September 7, 2008
President Bush “made explicit the goal of maintaining U.S. military superiority over any other nation or group of potential adversaries.”
The pursuit of permanent military supremacy has been an ongoing objective of the current White House. Coupled with the country’s economic strength, the generally accepted view was that American hegemony was assured for the foreseeable future.
In 2008, Russian troops occupied undisputed Georgian territory, destroyed the Georgian army and its hardware, sunk ships and brought the country to its knees.
And what has been the US reactions? Messages of support for Georgia and condemnation of Russian action. President Bush signalled that the break-up of Georgia or the loss of its sovereignty was unacceptable to the US. Washington would seek to preserve “a sovereign, free Georgia and its territorial integrity”.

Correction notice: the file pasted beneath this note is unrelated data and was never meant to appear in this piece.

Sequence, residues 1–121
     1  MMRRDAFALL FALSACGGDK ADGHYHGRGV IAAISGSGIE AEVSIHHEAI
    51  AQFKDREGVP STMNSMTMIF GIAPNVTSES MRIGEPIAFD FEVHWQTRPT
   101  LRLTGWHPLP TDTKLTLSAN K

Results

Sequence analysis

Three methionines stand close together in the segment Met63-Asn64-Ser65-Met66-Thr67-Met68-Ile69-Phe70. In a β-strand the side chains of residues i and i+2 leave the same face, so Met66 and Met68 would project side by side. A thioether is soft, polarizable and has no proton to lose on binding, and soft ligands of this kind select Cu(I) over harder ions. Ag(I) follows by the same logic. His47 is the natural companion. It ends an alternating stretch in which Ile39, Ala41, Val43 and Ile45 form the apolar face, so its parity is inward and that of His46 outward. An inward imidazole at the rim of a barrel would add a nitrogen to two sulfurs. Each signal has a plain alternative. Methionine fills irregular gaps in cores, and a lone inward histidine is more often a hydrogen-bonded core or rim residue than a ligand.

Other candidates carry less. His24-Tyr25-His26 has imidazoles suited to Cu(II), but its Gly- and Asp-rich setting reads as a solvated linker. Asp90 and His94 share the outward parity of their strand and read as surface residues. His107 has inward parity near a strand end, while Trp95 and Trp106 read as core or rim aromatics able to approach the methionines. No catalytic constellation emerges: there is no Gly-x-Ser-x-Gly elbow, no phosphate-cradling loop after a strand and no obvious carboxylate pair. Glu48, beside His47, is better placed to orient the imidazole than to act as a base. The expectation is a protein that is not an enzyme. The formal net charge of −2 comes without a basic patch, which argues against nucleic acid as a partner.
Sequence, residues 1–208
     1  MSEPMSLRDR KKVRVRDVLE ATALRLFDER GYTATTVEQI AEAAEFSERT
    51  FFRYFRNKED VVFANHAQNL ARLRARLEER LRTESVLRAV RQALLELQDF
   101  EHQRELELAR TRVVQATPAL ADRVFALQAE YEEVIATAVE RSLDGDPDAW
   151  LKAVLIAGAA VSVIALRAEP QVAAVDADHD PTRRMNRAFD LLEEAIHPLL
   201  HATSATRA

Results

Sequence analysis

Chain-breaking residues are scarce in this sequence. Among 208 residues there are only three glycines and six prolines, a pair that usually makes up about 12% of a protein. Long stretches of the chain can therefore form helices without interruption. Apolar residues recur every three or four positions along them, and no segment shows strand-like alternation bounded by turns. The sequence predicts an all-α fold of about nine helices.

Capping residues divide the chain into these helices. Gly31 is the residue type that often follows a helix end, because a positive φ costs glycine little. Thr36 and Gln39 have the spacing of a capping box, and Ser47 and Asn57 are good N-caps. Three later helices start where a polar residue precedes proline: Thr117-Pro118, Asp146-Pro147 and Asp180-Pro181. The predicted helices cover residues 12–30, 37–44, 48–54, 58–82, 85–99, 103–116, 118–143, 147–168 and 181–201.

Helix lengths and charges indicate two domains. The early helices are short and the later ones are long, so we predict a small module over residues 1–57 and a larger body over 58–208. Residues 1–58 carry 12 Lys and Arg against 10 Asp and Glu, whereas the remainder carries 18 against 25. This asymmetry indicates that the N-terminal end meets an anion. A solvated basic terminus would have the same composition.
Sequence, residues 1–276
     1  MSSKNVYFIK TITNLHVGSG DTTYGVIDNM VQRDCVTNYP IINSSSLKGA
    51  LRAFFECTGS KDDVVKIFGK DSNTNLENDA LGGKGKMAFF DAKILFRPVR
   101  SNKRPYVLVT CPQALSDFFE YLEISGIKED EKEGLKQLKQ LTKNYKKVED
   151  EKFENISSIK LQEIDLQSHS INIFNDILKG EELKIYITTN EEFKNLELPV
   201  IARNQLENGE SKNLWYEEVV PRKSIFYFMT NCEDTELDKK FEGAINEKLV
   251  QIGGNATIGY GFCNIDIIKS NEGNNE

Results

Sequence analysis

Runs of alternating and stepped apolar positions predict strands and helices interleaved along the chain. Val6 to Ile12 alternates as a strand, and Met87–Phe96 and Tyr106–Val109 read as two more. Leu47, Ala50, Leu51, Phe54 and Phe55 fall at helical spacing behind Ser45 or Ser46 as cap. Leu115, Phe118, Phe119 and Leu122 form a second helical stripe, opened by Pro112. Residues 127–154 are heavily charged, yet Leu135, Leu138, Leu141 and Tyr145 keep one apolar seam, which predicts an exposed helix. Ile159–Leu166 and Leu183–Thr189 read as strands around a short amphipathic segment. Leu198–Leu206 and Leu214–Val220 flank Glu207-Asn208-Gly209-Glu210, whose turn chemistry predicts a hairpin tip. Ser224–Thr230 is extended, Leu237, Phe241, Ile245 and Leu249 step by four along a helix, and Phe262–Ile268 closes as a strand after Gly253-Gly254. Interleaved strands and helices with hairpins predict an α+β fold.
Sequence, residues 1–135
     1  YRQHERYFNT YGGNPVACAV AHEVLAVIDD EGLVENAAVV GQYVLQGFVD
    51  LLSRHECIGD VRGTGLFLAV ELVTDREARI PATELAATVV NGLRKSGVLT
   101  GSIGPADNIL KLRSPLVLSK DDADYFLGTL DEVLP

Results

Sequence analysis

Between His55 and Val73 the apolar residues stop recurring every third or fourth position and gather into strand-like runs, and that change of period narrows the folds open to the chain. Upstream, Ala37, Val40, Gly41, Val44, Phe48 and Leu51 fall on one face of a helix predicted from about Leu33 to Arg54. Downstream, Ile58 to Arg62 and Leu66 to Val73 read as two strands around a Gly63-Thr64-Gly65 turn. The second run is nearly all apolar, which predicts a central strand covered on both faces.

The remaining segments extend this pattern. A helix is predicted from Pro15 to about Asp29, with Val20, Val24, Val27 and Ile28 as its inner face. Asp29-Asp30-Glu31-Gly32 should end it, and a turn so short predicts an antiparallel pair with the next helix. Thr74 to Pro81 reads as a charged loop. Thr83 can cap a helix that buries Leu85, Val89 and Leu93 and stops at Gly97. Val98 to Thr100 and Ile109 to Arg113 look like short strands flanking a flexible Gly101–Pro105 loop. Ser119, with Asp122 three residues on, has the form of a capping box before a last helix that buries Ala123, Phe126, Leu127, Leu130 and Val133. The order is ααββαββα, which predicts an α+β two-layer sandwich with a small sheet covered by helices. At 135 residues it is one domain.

Russia has now recognised the independence of South Ossetia and Abkhazia.
The Asian scene is a litany of failures. Iraq is an ongoing débacle; there is no end in sight in Afghanistan; the Pakistani illusion is drawing to a close; there is a clear impression that the West is being teased in Iran with little to show in return; scant progress is being made in North Korea, none in Myanmar nor Sudan.
How did this happen? Because the US forfeited its moral leadership and respect, thanks to the neocon’s vision of the world, beginning with the disastrous invasion of Iraq and continuing with the pursuit of unrealistic goals (eg democracy in the Middle East) by the wrong means (imposition from the outside).
“Any failure traceable to arrogance or our lack of comprehension…would inflict upon us a grievous hurt, both at home and abroad”, said President Eisenhower in his farewell address (see post of 23 August). Another history lesson ignored!
We are witnessing the result of the bankruptcy of the GW Bush foreign policy era. Needless to say, European leaders sat on their hands most of the time, and have still failed to step into this leadership vacuum, a development which would be welcome in several parts of the world. We are all quick to criticise American leadership, but, on many occasions, nothing would have happened without it.Author : Stanley Crossick